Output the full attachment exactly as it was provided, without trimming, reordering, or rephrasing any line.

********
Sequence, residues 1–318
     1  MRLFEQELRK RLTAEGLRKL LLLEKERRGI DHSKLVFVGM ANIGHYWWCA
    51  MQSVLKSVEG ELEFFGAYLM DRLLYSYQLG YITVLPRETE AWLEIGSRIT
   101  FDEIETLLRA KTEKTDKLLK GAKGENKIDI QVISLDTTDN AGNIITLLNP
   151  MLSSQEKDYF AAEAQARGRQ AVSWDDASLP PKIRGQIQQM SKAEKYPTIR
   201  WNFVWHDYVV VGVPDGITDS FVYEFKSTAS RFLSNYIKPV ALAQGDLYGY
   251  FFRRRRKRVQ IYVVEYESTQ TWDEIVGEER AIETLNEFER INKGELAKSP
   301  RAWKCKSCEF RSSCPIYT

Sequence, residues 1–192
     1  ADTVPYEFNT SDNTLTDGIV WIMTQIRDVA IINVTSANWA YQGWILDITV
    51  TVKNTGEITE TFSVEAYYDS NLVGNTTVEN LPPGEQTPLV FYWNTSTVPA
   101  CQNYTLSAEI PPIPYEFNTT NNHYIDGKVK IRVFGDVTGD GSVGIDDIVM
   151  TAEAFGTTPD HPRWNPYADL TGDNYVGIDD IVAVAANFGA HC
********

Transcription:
Sequence, residues 1–318
     1  MRLFEQELRK RLTAEGLRKL LLLEKERRGI DHSKLVFVGM ANIGHYWWCA
    51  MQSVLKSVEG ELEFFGAYLM DRLLYSYQLG YITVLPRETE AWLEIGSRIT
   101  FDEIETLLRA KTEKTDKLLK GAKGENKIDI QVISLDTTDN AGNIITLLNP
   151  MLSSQEKDYF AAEAQARGRQ AVSWDDASLP PKIRGQIQQM SKAEKYPTIR
   201  WNFVWHDYVV VGVPDGITDS FVYEFKSTAS RFLSNYIKPV ALAQGDLYGY
   251  FFRRRRKRVQ IYVVEYESTQ TWDEIVGEER AIETLNEFER INKGELAKSP
   301  RAWKCKSCEF RSSCPIYT

Sequence, residues 1–192
     1  ADTVPYEFNT SDNTLTDGIV WIMTQIRDVA IINVTSANWA YQGWILDITV
    51  TVKNTGEITE TFSVEAYYDS NLVGNTTVEN LPPGEQTPLV FYWNTSTVPA
   101  CQNYTLSAEI PPIPYEFNTT NNHYIDGKVK IRVFGDVTGD GSVGIDDIVM
   151  TAEAFGTTPD HPRWNPYADL TGDNYVGIDD IVAVAANFGA HC